What to Do When CPAP Makes You Swallow Air
Are you a CPAP user? Have you experienced any of the following since you started CPAP?
- Excessive belching
- Bloating in the belly
- Ongoing problems with gas, sometimes with sharp pains
If this sounds like you, then you might have something known as aerophagia, or air swallowing.
What is aerophagia?
Aerophagia describes the trapping of air in the alimentary canal. We’ve all experienced minor bouts with air swallowing. Some causes include eating, drinking, hyperventilating, chewing gum, smoking cigarettes, exercising, and even talking too fast.
Aerophagia by way of CPAP occurs when pressurized air – meant to be drawn into the lungs after helping to prop the airway open – is swallowed instead. Trapped inside the belly, its only way out is through belching or passing gas.
Aerophagia in CPAP users
Not all CPAP users swallow air, but if they do, it’s usually attributed to the following causes:
People with chronic allergies, a deviated septum, or seasonal congestion due to colds and flu often breathe through their mouths in order to get adequate air when CPAP pressure doesn’t fully prop open the airway.
Pressure setting too high
Sometimes the sleep specialist sets your machine to a higher pressure than you need. The extra air delivered has nowhere to go and is ultimately swallowed.
Pressure setting too low
For similar reasons, low pressure settings can cause you to swallow air. In an effort to inhale more air, you may end up gulping for it, leading to aerophagia.
Some people who’ve lived with sleep apnea for a long time compensate for poor nasal breathing by breathing through their mouths. Oral (or mouth) breathing often starts in early childhood or as the result of living with frequent nasal congestion and blockage. Breathing through your mouth while using CPAP not only “breaks the seal” critical to delivering positive airway pressure, but it may result in improper breathing patterns. This is because lost pressurized air lost can trigger the body to take extra breaths to maintain proper blood oxygen. This can inspire gasping for air which is, eventually, swallowed rather than inhaled.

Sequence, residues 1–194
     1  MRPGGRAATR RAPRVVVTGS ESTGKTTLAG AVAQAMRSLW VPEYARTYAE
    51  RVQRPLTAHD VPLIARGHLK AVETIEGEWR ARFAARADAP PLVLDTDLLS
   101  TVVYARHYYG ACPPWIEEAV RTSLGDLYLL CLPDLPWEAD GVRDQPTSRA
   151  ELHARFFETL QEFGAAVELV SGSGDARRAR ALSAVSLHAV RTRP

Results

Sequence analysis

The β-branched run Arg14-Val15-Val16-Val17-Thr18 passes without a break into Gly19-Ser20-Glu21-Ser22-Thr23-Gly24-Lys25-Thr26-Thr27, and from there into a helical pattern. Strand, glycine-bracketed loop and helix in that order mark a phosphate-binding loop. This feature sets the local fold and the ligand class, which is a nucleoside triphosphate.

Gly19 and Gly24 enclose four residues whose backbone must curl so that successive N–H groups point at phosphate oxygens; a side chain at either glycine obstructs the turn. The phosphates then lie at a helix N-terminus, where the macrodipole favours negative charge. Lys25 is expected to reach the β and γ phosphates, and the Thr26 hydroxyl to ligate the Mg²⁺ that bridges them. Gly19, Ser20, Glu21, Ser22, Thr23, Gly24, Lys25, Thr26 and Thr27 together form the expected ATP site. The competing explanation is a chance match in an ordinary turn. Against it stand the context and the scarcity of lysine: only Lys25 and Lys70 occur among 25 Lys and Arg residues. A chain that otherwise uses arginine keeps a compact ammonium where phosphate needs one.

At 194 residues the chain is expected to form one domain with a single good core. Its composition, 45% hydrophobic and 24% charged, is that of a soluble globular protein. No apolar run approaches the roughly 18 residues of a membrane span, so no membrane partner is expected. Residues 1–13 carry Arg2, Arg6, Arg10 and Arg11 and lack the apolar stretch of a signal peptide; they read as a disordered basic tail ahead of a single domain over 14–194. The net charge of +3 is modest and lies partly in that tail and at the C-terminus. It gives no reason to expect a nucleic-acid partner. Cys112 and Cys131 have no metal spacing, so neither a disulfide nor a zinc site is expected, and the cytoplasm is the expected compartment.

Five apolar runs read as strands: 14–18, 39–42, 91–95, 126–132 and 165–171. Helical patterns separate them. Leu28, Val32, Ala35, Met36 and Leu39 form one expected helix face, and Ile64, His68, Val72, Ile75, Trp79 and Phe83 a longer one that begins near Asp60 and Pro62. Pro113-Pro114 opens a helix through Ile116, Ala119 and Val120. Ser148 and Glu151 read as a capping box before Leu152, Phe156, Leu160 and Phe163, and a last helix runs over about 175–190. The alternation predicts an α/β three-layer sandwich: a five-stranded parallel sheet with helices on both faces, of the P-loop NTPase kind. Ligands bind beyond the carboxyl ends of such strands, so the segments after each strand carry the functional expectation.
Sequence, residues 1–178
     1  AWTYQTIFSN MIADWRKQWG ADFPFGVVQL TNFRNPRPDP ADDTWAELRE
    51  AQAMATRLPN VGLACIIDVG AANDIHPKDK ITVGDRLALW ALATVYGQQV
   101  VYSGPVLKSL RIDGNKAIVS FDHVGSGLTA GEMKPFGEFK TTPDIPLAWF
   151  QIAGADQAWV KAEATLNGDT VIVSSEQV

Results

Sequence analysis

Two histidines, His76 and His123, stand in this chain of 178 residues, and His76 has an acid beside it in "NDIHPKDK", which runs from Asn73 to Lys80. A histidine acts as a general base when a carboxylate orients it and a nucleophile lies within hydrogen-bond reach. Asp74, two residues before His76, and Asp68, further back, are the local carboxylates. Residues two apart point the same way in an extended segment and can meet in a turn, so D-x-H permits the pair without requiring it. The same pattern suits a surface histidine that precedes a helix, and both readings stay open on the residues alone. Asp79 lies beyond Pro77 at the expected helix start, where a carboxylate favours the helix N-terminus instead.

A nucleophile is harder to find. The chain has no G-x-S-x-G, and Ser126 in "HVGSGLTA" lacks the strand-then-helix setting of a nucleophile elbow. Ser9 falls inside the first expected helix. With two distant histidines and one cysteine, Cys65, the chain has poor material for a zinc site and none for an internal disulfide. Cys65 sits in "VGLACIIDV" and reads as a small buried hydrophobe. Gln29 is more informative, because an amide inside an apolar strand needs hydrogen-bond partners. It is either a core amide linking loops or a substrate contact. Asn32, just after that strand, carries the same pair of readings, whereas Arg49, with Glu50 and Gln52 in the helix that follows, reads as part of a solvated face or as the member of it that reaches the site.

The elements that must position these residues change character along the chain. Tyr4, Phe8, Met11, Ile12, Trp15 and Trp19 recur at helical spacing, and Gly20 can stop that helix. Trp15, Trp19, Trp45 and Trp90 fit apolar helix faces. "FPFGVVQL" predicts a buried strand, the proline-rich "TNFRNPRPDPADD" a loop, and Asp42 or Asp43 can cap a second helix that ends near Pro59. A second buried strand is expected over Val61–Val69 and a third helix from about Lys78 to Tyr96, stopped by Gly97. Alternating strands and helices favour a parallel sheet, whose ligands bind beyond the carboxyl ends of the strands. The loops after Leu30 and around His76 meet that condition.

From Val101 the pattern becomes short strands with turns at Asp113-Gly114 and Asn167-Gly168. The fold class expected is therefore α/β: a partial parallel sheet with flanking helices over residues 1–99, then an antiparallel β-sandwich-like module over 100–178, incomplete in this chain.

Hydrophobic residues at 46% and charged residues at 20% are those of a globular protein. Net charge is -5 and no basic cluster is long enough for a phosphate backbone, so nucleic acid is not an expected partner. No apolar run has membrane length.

Inability to coordinate CPAP breathing
CPAP stands for continuous positive airway pressure – the stream of pressurized air remains the same for both inhale and exhale. People using mid- to high-pressure settings may have trouble coordinating inhalations and exhalations using CPAP. This can lead to inconsistent, even panicked, breathing patterns that cause air swallowing.
What to do about aerophagia
- Talk about a pressure change with your sleep specialist. If you’re new to CPAP, it may take a little “tweaking” of machine settings to find the “just right” zone. Even seasoned users may need to adjust from time to time.
- While checking your pressure settings, your sleep specialist may discover your machine was set incorrectly. Don’t hesitate to confirm your machine is set as prescribed.
- Anxiety about using CPAP can cause aerophagia. Tools from the cognitive behavioral therapy (CBT) “playbook” can help you find calm at night, preventing panic attacks and possible hyperventilation from using CPAP.
- Think about changing mask styles or adding a chin support if you find you’re breathing through your mouth.
- Consider mask fit. A too-tight mask can be just as bad as a too-loose one. If you awaken with red marks on your face or have high “leak” ratings on your morning report, these suggest you have mask fit issues. Visit your sleep specialist to review your mask fitting.
- Ask your sleep specialist about a CPAP machine comfort setting known as expiratory pressure relief (EPR). Sometimes referred to as Flex, these adjustments automatically drop air pressure during exhale, which can reduce or eliminate aerophagia. You can adjust these settings yourself, but if you’re not sure how to, get assistance from a sleep specialist.
- CPAP is just one PAP therapy for people with OSA. Bilevel PAP delivers two different levels of pressurized air during inhale and exhale. AutoPAP describes an automated “smart” CPAP machine that delivers pressurized air within a “window” of settings based upon your breathing patterns. Either can help reduce aerophagia.
- Sometimes people who sleep on their backs find aerophagia improves if they sleep on a 30- to 40-degree incline (such as what a pillow edge provides).
- Gastroesophageal reflux disease (GERD) and OSA often occur together. GERD exacerbates air swallowing. Why? The sphincter ring that’s the “doorway” between the esophagus and the stomach has weakened, allowing air into the stomach. Talk to your sleep specialist about treating your GERD.
- If aerophagia only seldom occurs, try drinking sparkling spring water in the morning to release trapped air in the body. Some yoga stretches (general squats or twists, Chair Pose, Child’s Pose, or Happy Baby Pose) can also bring relief for gas.
Do you miss out on certain experiences in life because of your sleep apnea?